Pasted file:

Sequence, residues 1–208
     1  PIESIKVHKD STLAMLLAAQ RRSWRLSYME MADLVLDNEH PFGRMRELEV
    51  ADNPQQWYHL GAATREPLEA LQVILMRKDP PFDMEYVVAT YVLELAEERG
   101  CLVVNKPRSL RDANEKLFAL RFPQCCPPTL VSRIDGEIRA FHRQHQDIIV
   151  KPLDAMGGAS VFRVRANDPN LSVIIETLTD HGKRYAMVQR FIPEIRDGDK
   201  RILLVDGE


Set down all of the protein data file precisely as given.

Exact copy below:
Sequence, residues 1–208
     1  PIESIKVHKD STLAMLLAAQ RRSWRLSYME MADLVLDNEH PFGRMRELEV
    51  ADNPQQWYHL GAATREPLEA LQVILMRKDP PFDMEYVVAT YVLELAEERG
   101  CLVVNKPRSL RDANEKLFAL RFPQCCPPTL VSRIDGEIRA FHRQHQDIIV
   151  KPLDAMGGAS VFRVRANDPN LSVIIETLTD HGKRYAMVQR FIPEIRDGDK
   201  RILLVDGE